The end of the culture of impunity in Rwanda, which saw successive massacres and dispossession of Tutsis in 1959, 1960, 1961, 1963, 1964 and 1972--making them in their diaspora the Palestinians of Africa--is at the center of this government's goals. The public execution of twenty-two genocidaires in the early days of the new regime, led by then-General Paul Kagame, showed Rwandans just how seriously the new authorities took this question. The rejection of the pleas to halt the executions--from the Pope, UN Secretary General Kofi Annan, then-UN High Commissioner for Human Rights Mary Robinson and others--was an early indication that the outside world could not impose conventional solutions to problems here.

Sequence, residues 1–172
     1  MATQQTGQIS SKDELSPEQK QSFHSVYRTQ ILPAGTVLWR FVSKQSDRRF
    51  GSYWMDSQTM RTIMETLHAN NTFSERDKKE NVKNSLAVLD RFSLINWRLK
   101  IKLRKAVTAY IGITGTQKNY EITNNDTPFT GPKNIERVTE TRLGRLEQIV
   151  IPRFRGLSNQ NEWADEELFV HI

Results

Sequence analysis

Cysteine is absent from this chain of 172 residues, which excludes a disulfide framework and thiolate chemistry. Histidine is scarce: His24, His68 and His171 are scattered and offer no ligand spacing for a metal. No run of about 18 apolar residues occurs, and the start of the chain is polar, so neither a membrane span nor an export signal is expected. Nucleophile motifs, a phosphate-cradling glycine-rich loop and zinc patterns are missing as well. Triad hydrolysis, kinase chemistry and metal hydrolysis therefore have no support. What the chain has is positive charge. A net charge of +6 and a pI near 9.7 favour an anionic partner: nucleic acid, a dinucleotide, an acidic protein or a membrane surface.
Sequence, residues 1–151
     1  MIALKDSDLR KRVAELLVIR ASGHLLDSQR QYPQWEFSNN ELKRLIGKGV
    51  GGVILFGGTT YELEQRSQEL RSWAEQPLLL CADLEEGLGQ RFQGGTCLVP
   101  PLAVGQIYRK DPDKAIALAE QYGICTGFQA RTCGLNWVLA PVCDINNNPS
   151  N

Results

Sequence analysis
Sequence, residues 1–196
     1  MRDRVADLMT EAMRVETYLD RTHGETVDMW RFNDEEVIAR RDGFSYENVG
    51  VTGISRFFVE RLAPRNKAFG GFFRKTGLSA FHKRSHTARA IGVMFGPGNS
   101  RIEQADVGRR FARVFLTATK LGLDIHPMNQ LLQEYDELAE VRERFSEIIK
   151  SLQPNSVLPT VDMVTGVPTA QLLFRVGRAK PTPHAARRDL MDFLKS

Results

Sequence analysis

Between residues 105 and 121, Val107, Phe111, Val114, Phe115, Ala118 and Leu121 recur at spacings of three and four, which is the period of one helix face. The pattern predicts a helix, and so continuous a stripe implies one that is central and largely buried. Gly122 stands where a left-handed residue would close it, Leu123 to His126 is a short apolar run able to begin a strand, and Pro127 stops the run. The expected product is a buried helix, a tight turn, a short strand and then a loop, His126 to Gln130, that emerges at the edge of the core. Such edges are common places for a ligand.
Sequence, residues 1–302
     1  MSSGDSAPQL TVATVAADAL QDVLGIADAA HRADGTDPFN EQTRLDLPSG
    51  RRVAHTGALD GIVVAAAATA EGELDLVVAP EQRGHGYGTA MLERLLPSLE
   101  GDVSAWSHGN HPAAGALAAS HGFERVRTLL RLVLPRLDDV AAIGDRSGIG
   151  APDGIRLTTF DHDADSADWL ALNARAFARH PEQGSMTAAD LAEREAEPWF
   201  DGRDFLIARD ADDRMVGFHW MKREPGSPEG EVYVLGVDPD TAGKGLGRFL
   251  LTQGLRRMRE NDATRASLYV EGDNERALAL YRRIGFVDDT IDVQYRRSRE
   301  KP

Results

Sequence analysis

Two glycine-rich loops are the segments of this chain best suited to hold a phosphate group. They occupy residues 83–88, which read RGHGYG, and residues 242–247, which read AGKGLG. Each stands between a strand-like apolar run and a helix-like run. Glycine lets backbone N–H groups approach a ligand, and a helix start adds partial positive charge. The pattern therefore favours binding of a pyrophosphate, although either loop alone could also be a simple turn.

Like many of Rwanda's original home-grown solutions to political and security problems, so overwhelming that outsiders find them almost impossible to grasp, gacaca has come in for harsh criticism as unworkable from some sections of the donor community. How can untrained and mainly illiterate peasants be trusted with the judgment of tangled tales often involving their own relations? Where is the administrative capacity to process 100,000 dossiers, or more? What will happen to the approximately half a million new suspects, now at large, named already in suspects' confessions during the gacaca process of the past few months? What does the election as judges of some people known to have been active participants in the genocide say about the fairness of the trials?